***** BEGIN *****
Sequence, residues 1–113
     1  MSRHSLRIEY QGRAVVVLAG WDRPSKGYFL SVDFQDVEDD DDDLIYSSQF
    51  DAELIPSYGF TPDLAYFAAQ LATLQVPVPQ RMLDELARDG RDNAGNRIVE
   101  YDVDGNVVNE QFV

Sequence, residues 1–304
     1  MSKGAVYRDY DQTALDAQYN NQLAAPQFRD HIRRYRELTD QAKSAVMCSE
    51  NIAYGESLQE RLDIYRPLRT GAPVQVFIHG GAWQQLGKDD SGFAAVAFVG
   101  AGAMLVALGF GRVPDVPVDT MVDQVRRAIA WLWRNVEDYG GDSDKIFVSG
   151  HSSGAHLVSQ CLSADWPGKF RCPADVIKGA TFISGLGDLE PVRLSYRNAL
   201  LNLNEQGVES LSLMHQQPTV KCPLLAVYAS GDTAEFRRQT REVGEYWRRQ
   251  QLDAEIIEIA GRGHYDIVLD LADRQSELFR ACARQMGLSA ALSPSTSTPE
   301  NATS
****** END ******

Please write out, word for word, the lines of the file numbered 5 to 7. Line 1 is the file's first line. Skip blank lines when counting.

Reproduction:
Sequence, residues 1–304
     1  MSKGAVYRDY DQTALDAQYN NQLAAPQFRD HIRRYRELTD QAKSAVMCSE
    51  NIAYGESLQE RLDIYRPLRT GAPVQVFIHG GAWQQLGKDD SGFAAVAFVG